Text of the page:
As a 10-year-old brand-new saxophonist, I learned a bunch of tasks I needed to do to play the instrument: blow in a certain way, form my lips just so, put my fingers into such-and-such positions, and so on. Every time I thought I had learned all of the skills I needed, my teacher would add some more.
In the 30 years since, playing saxophone and other woodwinds, I have mostly worked on doing less—letting my embouchure relax, keeping my jaw still, keeping my breath support consistent, moving my fingers more efficiently. The more I can strip away the excess effort, the more my playing is easy, pleasant, pain-free, fatigue-free, and expressive.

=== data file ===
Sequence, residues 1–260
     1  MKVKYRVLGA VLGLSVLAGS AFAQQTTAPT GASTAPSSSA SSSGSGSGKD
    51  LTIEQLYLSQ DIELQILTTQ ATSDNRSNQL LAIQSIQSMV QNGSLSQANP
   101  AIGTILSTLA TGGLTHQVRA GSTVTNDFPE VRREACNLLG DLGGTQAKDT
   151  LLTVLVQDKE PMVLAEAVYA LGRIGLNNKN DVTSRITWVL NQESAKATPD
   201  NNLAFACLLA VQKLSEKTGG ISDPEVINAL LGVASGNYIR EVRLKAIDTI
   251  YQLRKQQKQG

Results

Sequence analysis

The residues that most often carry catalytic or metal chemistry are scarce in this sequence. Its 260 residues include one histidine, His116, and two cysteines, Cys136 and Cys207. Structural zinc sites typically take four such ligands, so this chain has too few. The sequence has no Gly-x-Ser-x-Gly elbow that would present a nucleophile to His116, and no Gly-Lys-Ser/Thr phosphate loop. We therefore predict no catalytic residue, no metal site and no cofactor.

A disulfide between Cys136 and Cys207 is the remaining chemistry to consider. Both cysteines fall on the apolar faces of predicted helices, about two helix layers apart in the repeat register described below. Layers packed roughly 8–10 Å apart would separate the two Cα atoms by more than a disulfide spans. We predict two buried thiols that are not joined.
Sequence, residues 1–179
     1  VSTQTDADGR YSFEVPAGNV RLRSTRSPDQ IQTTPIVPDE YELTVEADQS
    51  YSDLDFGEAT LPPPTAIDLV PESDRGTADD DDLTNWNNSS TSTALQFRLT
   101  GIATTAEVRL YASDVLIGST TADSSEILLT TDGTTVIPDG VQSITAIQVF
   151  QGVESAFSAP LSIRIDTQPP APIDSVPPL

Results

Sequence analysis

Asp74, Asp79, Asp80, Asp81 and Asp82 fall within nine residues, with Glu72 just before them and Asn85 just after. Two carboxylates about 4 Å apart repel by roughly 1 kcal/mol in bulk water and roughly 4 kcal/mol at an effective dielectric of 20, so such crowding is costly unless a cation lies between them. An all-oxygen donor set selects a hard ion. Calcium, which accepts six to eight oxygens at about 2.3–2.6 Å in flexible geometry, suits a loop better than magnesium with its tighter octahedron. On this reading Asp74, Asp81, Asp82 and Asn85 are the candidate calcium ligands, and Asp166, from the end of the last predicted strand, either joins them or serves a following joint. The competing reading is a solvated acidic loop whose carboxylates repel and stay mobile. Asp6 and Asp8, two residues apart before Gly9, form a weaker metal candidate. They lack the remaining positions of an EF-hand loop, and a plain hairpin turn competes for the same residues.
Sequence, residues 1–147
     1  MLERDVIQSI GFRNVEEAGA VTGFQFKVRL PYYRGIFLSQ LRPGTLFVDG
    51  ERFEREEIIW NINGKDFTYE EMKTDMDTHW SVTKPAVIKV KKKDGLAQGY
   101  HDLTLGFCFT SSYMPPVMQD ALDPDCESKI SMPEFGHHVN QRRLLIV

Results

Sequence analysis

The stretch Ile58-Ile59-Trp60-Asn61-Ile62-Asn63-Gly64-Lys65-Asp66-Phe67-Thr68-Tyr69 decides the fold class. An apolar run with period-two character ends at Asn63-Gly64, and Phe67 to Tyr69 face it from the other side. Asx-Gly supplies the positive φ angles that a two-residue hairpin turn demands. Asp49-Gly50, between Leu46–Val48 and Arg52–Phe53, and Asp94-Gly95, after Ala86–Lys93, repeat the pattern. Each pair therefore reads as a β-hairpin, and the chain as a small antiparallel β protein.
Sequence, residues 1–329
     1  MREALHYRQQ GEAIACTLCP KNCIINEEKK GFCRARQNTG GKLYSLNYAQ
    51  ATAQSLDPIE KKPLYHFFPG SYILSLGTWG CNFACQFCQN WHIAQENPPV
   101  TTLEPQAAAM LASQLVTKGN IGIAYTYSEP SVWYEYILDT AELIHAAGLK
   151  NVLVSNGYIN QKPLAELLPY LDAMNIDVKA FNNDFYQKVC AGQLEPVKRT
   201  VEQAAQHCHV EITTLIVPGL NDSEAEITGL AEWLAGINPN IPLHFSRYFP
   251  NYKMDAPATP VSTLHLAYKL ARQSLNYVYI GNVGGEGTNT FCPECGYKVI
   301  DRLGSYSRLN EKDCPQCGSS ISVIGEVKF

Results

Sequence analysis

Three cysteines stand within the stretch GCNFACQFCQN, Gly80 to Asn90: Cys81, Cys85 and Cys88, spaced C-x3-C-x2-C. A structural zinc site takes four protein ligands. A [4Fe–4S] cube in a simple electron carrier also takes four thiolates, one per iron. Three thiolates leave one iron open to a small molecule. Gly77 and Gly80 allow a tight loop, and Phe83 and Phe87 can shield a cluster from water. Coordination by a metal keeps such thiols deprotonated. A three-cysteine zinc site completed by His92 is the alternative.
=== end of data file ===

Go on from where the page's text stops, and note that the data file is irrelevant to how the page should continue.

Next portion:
On some level it feels more like teaching if I can tell a student a new thing to do. Assign them an additional task. But the most productive and valuable lessons (or personal practice sessions) are often the ones when I can convince a student (or myself) to do one fewer thing.